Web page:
ATLAS is one of the two multi-purpose experiments taking data at CERN’s Large Hadron Collider (LHC), near Geneva in Switzerland. The LHC recreates conditions thought to have existed in our Universe shortly after the Big Bang. Beams of protons (or, sometimes, heavy ions) are accelerated to very high energies around the 27-km LHC tunnel, located approximately 100 m underground. The beams are then crashed together in heads-on collisions at specific intersection points around the accelerator, where sophisticated detectors such as ATLAS are used to study the debris from the beam collisions. The first period of LHC running (Run-1) concluded in 2012, having collected more than 20 fb-1 worth of proton-proton data, at centre-of-mass energies of up to 8 TeV and peak instantaneous luminosities of 7×1033cm-2s-1. The analysis of LHC data has already led to major advances in our understanding of fundamental particle interactions, most notably with the breakthrough discovery of the Higgs boson in July 2012.
Building on the successes of Run-1, and while continuing to study Higgs boson properties and other Standard Model processes with high precision, particle physicists from all over the world, including the Sussex ATLAS team, are now focusing much of their efforts on the search for manifestations of new physics phenomena at the LHC. LHC operations are resuming in 2015 for the beginning of Run-2, when the accelerator will be running at centre-of-mass energies of 13 TeV and expected instantaneous luminosities as high as 1.6×1034cm-2s-1. By the end of Run-2, ATLAS will have collect approximately 30 fb-1 worth of proton-proton data.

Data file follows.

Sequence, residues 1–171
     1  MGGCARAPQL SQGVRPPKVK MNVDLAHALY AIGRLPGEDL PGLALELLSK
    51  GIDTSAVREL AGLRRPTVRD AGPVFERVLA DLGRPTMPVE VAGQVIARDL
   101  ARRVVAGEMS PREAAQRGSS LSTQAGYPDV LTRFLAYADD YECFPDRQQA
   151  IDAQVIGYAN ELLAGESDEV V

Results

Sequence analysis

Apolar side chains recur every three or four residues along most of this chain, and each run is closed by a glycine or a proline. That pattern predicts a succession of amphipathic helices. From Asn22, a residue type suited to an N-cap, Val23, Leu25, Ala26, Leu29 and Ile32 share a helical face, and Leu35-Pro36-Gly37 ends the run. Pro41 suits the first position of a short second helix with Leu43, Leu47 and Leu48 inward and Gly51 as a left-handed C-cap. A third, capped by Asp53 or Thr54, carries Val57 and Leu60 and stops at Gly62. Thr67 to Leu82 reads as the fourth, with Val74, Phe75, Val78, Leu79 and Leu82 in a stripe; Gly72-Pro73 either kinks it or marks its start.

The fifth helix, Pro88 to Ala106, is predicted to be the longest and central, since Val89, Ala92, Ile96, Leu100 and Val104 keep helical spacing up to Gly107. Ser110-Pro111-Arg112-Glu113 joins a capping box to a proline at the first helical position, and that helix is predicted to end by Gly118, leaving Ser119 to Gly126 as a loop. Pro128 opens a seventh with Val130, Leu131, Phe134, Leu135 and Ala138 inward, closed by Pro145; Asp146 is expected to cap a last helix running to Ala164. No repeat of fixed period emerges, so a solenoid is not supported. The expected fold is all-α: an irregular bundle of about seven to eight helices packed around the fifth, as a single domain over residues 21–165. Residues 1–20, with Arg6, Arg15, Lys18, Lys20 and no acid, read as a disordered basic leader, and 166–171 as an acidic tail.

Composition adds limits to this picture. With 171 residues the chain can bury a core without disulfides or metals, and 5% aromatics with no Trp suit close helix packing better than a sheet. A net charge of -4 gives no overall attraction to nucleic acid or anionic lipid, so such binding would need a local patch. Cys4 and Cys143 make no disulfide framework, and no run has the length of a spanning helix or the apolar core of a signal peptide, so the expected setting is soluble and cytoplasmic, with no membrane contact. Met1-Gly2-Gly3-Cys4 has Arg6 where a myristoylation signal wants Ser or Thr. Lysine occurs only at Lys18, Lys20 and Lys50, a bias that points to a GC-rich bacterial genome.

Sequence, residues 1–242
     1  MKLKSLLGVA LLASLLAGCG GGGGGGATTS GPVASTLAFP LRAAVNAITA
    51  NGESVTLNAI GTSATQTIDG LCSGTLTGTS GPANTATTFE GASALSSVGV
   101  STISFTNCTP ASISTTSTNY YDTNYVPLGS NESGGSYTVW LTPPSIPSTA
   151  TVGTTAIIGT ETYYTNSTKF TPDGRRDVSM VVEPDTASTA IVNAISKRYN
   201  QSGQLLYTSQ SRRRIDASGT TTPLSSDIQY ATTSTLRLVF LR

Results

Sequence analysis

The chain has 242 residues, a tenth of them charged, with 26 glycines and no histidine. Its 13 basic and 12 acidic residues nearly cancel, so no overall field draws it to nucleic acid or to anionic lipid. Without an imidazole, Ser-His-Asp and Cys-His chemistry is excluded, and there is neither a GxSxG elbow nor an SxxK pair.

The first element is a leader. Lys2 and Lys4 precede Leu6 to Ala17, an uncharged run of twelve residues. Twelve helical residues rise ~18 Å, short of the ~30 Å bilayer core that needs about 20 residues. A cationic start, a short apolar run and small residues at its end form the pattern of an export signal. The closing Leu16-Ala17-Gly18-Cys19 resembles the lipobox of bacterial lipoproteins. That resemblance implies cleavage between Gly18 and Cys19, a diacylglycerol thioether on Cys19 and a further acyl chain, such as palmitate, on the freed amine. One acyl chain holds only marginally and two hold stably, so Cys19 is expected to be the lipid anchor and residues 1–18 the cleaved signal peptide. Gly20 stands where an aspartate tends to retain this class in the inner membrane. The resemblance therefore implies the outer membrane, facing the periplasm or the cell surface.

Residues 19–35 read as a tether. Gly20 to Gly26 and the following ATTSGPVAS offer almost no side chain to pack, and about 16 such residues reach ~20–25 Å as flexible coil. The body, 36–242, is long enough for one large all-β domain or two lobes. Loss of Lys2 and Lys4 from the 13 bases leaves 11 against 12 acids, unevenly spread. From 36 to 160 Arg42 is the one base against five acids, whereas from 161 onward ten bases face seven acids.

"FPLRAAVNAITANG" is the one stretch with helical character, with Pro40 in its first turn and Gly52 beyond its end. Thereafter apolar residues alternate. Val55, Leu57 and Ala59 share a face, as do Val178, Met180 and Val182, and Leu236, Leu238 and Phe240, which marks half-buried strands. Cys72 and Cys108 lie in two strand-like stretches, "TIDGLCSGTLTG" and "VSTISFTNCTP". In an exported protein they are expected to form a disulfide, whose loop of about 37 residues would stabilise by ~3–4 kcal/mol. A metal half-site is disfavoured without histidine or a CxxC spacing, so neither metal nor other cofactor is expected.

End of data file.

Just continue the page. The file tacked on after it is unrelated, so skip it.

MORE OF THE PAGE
A staged programme of both machine and detector upgrades is foreseen for the next decades at the LHC. These will enable ATLAS to collect order of 300 fb-1 of proton-proton collisions at 14 TeV by the middle of the next decade (Phase-1 upgrade; instantaneous luminosity: 2-3×1034cm-2s-1), and order of 3,000 fb-1 worth of data by approximately 2035 (Phase-2, or HL-LHC, upgrade; instantaneous luminosity: 6-7×1034cm-2s-1).
The Sussex ATLAS team, led by Professor Antonella De Santo, counts four other faculty members: Dr Lily Asquith (a Dorothy Hodgkin Royal Society fellow), Dr Alessandro Cerri, Dr Fabrizio Salvatore, and Dr Iacopo Vivarelli. The group also has six post-doctoral researchers, five PhD students, and ten Masters-level project students. Sussex makes leading contributions to the ATLAS physics programme, with focus on supersymmetry searches, flavour physics, jet sub-structure physics, and Higgs physics. We coordinate a number of physics analysis groups at ATLAS: the SUSY Electroweak group; the SUSY Third Generation group; the SUSY Strong Production with Taus group; the SUSY 3-lepton group; and the Jet Sub-structure group. Sussex researchers are also involved in the study of parton density functions and in top-quark physics measurements. The ATLAS Deputy Run Coordinator is from Sussex and we hold key responsibilities in the experiment’s overall operations. We make major contributions to the ATLAS trigger system, with focus on core software for the ATLAS High-Level Trigger (HLT), a well as on trigger inner detector tracking, trigger operations, and trigger performance studies. We also work on the development of the trigger system in view of future high-luminosity LHC upgrades. We focus on the HLT Phase-1 upgrade and make major contributors to the design of a Level-1 tracking trigger system (L1Track), proposed for the HL-LHC upgrade phase.